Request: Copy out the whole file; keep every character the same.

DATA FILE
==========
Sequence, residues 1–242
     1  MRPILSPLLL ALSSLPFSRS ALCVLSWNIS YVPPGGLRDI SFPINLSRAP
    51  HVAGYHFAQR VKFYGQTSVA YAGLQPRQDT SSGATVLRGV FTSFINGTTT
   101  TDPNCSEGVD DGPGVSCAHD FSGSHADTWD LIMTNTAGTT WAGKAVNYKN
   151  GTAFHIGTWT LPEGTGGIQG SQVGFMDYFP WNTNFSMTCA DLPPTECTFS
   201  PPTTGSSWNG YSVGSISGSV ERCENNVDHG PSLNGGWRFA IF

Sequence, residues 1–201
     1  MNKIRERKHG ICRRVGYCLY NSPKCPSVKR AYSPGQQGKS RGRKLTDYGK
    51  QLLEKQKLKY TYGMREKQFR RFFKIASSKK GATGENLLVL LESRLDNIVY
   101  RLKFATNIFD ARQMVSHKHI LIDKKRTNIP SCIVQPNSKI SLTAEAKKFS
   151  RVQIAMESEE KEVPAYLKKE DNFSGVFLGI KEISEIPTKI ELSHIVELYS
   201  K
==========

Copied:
Sequence, residues 1–242
     1  MRPILSPLLL ALSSLPFSRS ALCVLSWNIS YVPPGGLRDI SFPINLSRAP
    51  HVAGYHFAQR VKFYGQTSVA YAGLQPRQDT SSGATVLRGV FTSFINGTTT
   101  TDPNCSEGVD DGPGVSCAHD FSGSHADTWD LIMTNTAGTT WAGKAVNYKN
   151  GTAFHIGTWT LPEGTGGIQG SQVGFMDYFP WNTNFSMTCA DLPPTECTFS
   201  PPTTGSSWNG YSVGSISGSV ERCENNVDHG PSLNGGWRFA IF

Sequence, residues 1–201
     1  MNKIRERKHG ICRRVGYCLY NSPKCPSVKR AYSPGQQGKS RGRKLTDYGK
    51  QLLEKQKLKY TYGMREKQFR RFFKIASSKK GATGENLLVL LESRLDNIVY
   101  RLKFATNIFD ARQMVSHKHI LIDKKRTNIP SCIVQPNSKI SLTAEAKKFS
   151  RVQIAMESEE KEVPAYLKKE DNFSGVFLGI KEISEIPTKI ELSHIVELYS
   201  K